Posted by: Dissol on Sep 08, 2011
Recent news got me thinking.
We have had the Julius Malema using all sorts of derogatory words (& songs) for a while, and finally the ANC has decided to take him to task over this (and other issues...like demanding regime changes in Botswana...of all places!). Then Darren Scott comes along and uses the K word, and he faces the music (loses his radio jobs, and is put on leave from SuperSport - which will probably mean he will miss the RWC at least).
Now, I have been hearing all sorts of nonsense from people at both ends of the spectrum, trying to downplay one, and exagerate another... Clearly Malema has said some pretty offensive things, and the K word in South Africa is possibly the most offensive word of all. Yes, I understand it only means unbeliever to islam orginally, but it has to be viewed in the context & history of South Africa.
The problem is that people try to view the issue in totally simplistic terms, and things are rarely that clear. It has to be viewed in context, and with some knowledge. We have to apply our minds, and often we then find that the actual issues are blurry, fuzzy, and much more difficult to explain in the simplistic terms of Twitter, FB, or call ins to talk radio. A comment from a NZ rugby commentator was amusing though - "a South African rugby commentator is thought to be racist - really? And that is news? It is a bit like an Australian rugby commentator being found to be sexist...not really news is it??"
But I got thinking. I am used to being called names. Being a Scot, who lived for many years & went to school in England meant plenty of name calling. Being a non-Yorkshireman, but living in Yorkshire, meant a few more. Moving around a lot, often meant I was an outsider - in fact I think it is fair to say I have never been an insider! This meant a lot of name calling. Then I became disabled, and I was exposed to a whole new level of name calling, many are very demeaning, even from people who do not mean them to be. Cripple, wheelchair bound, vulnerable, handicapped, etc. But as with Malema & Scott, context is everything. Usually people do not mean to offend, and there is a huge amount of ignorance around disability. I really don't like people shouting at me, and speaking slowly, as if the spinal cord injury has also injured my brain. I find it offensive when people assume that I cannot live & work independently. I get annoyed when people express surprise that I can drive myself, run my own business, or lecture at universities. It can be actually demeaning when complete strangers patronise me, or call me "brave", or suggest that I am being punished by their god for something. But all this has to be viewed in context, and it does not help to respond angrily. Usually it is merely evidence of ignorance, or in some cases some deep seated prejudice. You have to learn which it is - the first can be addressed with information and education, the latter probably is best ignored (life is too short to try to change the minds of idiots.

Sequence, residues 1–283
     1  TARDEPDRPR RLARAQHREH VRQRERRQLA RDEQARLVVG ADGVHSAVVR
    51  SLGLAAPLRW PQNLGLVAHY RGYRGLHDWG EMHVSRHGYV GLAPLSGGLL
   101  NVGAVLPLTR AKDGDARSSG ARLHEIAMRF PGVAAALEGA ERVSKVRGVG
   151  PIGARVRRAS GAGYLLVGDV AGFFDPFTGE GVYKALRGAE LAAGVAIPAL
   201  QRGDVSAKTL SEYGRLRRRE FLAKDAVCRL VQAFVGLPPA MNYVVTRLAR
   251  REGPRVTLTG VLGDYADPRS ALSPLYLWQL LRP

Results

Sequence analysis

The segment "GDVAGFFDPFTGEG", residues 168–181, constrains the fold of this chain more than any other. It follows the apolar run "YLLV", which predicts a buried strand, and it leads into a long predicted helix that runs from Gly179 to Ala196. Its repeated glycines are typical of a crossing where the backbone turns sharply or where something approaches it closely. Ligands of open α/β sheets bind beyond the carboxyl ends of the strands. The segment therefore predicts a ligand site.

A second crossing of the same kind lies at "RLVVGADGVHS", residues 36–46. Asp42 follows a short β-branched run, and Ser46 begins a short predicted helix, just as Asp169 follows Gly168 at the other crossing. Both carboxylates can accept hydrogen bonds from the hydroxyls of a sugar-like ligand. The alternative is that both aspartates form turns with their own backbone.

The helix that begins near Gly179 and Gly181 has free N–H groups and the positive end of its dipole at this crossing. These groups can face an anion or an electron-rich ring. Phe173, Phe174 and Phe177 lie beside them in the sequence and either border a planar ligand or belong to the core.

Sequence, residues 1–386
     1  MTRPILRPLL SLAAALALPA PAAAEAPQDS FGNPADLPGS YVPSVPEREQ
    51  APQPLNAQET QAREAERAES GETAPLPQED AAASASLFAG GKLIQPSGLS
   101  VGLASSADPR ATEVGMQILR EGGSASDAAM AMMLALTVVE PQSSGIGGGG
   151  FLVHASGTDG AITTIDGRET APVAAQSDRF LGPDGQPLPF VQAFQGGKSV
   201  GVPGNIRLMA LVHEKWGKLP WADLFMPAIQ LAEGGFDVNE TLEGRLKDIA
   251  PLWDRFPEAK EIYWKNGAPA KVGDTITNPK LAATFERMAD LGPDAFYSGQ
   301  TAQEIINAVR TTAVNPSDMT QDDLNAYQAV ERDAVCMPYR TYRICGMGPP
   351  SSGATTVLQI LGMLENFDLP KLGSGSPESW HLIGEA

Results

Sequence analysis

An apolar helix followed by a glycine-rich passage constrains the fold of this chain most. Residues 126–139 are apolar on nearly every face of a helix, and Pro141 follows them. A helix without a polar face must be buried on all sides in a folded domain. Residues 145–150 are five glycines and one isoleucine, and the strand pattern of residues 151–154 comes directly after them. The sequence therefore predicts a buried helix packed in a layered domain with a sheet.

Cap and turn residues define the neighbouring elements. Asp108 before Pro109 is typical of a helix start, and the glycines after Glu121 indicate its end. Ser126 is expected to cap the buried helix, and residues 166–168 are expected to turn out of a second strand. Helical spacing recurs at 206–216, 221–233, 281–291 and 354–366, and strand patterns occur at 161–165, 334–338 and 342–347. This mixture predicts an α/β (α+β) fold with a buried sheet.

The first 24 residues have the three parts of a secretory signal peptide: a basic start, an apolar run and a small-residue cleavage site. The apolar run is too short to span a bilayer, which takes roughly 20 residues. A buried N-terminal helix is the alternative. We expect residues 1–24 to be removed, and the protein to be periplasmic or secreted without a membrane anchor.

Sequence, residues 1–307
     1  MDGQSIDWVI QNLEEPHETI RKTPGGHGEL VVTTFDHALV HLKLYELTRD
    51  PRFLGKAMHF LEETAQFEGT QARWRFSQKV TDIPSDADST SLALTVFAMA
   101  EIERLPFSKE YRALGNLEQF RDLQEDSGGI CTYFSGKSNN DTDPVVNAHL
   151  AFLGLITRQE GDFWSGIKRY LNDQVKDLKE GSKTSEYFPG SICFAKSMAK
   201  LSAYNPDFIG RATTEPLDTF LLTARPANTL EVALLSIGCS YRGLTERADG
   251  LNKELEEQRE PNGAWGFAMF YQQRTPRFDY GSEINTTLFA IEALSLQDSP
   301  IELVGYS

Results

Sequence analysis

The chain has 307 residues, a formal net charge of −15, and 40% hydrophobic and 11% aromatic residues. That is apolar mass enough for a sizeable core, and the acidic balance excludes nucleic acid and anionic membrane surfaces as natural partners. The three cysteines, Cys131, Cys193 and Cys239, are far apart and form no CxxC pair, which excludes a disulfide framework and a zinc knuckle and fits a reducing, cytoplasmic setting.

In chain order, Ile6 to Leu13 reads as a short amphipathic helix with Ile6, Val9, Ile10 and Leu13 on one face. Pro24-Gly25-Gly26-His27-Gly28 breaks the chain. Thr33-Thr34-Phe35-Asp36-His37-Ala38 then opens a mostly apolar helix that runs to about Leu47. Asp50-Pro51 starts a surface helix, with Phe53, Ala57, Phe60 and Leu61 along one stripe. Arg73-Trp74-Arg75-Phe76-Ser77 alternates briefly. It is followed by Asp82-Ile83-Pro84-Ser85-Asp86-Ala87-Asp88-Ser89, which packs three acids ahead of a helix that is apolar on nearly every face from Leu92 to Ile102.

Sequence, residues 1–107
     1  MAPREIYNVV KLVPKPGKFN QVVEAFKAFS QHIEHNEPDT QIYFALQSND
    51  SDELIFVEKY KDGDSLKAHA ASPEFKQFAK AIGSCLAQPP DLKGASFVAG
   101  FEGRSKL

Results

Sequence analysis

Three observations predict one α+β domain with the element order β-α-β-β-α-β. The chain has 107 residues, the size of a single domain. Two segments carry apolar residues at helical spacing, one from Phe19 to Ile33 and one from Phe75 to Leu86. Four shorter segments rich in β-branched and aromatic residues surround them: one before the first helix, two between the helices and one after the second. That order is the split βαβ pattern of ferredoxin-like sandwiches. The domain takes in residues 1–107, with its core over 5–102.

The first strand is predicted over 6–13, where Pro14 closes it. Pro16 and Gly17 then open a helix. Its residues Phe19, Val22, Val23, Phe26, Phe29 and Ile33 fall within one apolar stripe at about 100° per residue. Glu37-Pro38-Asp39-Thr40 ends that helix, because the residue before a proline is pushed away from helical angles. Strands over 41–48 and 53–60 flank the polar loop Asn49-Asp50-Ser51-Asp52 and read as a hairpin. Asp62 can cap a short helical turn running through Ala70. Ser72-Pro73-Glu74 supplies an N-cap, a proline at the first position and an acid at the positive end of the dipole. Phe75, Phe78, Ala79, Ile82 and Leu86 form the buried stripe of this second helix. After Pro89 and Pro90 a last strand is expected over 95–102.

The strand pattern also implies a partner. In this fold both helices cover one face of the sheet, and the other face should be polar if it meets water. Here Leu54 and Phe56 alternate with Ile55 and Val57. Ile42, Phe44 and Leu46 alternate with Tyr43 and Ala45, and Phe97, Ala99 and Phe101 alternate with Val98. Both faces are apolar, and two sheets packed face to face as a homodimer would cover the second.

But I would suggest that the sort of verbal abuse that many people with disabilities have to endure on a daily basis, is much, much worse than any offense that the mouths of Malema or Scott have ever caused. We need to look at things in context, and be sensitive to how some words are perceived. A friend, or another person with a disability may refer to me as a crip, but that does not immediately bestow the right on a stanger to follow suit. I can tease my wife with sexist jokes, as she knows I am not a chauvinist, but I would not repeat them to women I don't know well.